Rule 56 of the Federal Rules of Civil Procedure provides that "if the pleadings, depositions, answers to interrogatories, and admissions on file, together with affidavits, if any, show that there is no genuine issue as to any material fact," the moving party is entitled to summary judgment. Fed.R.Civ.P. 56(c). An issue is genuine if the fact finder could reasonably hold in the non-movant's favor with respect to that issue and a fact is material if it influences the outcome under the governing law. See Anderson v. Liberty Lobby. Inc., 477 U.S. 242, 247-48 (1986). It is my obligation to determine whether all the evidence can reasonably support a verdict for the non-moving party. See Allstate Ins. Co. v. Brown, 834 F. Supp. 854, 856 (E.D. Pa. 1993).

  In making this determination, I must view the facts in the light most favorable to the non-moving party. See Anderson, 477 U.S. at 248. Further, the non-moving party is entitled to all reasonable inferences drawn from those facts. Id. However, the non-moving party must raise "more than a mere scintilla of evidence in its favor" in order to overcome a summary judgment motion and cannot survive by relying on unsupported assertions, conclusory allegations, or mere suspicions. Williams v. Borough of W. Chester, 891 F.2d 458. 460 (3d Cir. 1989). Although the moving party bears the initial burden of demonstrating the absence of genuine issues of material fact, the non-movant must establish the existence of each element of its case. See Celotex Corp. v. Catrett, 477 U.S. 317, 323 (1986).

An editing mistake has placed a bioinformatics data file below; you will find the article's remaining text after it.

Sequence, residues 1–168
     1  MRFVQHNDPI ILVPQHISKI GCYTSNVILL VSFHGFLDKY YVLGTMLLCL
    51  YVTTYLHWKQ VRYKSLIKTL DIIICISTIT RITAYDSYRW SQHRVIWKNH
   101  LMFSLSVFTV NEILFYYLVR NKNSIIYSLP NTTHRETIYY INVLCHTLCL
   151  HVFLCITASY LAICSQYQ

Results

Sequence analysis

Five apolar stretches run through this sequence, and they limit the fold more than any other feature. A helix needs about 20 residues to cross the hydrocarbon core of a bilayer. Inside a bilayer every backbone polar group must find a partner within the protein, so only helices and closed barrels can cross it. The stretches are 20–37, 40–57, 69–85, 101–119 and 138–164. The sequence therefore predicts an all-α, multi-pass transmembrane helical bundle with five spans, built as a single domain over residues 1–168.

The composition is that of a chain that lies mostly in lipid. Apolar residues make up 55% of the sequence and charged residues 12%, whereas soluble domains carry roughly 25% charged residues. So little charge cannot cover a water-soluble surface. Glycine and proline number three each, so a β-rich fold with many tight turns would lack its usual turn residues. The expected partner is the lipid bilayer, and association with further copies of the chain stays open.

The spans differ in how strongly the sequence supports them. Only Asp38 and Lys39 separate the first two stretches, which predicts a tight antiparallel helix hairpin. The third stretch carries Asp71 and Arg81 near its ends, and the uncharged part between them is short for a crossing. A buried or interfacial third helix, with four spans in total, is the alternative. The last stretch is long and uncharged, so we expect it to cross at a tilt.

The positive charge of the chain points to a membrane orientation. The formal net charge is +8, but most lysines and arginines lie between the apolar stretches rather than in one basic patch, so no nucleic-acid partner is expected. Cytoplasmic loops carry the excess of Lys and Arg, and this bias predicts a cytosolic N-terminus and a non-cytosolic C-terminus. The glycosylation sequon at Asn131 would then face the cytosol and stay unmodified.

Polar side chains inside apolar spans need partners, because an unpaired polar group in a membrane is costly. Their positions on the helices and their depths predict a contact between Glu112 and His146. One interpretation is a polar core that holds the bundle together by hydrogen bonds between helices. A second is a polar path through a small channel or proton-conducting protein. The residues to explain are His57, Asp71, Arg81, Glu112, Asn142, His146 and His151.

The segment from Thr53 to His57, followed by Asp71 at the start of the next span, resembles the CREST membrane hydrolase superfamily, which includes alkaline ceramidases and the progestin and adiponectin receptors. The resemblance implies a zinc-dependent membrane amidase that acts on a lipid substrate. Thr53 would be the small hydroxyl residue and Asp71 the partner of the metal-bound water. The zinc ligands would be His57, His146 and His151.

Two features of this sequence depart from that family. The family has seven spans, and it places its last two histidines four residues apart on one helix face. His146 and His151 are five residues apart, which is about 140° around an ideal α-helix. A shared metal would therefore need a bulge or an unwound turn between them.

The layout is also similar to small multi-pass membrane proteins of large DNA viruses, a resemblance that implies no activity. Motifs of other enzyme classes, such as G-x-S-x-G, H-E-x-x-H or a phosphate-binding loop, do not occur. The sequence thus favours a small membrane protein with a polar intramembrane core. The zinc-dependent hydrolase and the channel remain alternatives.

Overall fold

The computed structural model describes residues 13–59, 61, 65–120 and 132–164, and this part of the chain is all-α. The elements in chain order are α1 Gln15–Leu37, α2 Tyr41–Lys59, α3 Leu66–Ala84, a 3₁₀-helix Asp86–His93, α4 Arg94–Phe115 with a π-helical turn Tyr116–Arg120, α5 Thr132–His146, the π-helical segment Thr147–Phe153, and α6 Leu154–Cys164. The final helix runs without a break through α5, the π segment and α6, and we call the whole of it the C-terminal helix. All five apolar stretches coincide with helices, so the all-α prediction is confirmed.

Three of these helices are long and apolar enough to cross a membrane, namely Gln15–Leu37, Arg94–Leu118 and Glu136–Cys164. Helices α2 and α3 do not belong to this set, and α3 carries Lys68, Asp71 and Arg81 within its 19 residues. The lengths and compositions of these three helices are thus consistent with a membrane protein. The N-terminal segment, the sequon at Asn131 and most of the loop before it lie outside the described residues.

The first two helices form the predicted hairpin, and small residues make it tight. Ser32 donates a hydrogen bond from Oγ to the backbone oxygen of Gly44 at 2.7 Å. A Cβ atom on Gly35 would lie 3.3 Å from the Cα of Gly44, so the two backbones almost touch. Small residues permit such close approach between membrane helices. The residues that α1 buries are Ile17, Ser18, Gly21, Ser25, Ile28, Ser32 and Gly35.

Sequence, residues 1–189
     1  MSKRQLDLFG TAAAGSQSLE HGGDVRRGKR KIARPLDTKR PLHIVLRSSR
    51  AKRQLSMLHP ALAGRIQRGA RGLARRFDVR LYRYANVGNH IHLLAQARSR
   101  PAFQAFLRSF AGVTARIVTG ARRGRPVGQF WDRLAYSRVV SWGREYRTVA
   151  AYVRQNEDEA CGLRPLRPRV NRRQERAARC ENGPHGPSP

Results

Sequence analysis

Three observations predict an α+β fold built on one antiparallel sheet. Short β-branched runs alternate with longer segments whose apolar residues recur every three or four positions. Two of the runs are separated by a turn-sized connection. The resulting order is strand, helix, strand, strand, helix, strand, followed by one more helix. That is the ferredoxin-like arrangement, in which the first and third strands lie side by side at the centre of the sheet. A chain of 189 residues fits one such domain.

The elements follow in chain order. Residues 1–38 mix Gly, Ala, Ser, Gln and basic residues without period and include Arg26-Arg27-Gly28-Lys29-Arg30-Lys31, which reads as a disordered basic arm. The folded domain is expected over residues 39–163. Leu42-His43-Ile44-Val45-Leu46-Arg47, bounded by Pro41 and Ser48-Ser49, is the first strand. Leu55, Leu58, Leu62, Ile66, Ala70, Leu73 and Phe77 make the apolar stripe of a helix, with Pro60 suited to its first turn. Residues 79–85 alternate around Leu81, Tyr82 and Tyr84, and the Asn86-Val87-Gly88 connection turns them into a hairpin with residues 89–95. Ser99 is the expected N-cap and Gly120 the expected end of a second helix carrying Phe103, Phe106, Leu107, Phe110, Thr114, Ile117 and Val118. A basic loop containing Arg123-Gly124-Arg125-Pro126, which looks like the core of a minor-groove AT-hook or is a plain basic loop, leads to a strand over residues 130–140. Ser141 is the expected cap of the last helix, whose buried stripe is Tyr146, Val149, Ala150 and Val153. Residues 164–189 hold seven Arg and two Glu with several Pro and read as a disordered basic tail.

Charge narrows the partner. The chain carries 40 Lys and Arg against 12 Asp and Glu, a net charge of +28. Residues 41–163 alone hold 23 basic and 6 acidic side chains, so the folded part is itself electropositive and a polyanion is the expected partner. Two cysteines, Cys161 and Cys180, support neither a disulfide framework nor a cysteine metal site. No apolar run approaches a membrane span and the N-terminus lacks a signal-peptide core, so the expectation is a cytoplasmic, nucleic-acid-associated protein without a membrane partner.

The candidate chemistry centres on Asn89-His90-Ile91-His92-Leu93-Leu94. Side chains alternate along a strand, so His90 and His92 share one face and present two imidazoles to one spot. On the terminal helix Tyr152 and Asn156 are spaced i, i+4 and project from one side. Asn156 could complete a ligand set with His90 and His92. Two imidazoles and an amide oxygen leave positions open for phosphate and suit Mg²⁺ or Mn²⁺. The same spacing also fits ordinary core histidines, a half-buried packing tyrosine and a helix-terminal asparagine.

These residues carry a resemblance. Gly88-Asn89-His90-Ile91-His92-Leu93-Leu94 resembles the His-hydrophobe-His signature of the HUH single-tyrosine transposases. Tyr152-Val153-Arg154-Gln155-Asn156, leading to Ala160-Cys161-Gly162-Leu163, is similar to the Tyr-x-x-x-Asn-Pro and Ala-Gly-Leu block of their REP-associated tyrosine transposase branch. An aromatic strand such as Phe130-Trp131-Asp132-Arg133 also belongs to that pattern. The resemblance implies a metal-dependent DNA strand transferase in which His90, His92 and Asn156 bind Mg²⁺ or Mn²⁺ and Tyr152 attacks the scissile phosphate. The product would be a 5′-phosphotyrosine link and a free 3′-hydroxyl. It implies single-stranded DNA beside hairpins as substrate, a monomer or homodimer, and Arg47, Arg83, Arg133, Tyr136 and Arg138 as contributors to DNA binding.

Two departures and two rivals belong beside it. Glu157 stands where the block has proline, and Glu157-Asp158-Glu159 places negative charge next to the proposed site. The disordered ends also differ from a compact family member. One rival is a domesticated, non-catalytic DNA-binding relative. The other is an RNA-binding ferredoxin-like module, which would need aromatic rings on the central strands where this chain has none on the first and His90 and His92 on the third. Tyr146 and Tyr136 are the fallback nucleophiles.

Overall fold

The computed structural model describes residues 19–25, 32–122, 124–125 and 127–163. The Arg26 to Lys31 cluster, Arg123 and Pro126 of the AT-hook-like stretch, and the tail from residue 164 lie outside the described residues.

IV. DISCUSSION

  Defendant alleges that plaintiff has failed to produce evidence that shows defendant's decision to terminate plaintiff's employment was based upon plaintiff's race. In establishing an employment discrimination claim, plaintiff must show a prima facie case of discrimination. See McDonnell Douglas Corp. v. Green, 411 U.S. 792, 802 (1973). Once this prima facie showing has been made, the burden then shifts to defendant to "articulate some legitimate, nondiscriminatory reason for the employee's rejection." Id. If defendant succeeds with this showing, then plaintiff must have the opportunity to demonstrate by a preponderance of the evidence that the reasons offered by defendant are merely pretext for discrimination. See Texas Dep't of Cmty. Affairs v. Burdine, 450 U.S. 248, 253 (1980). The ultimate burden of showing defendant's intentional discrimination against plaintiff is placed upon plaintiff at all times. See id.

  A. Prima Facie Case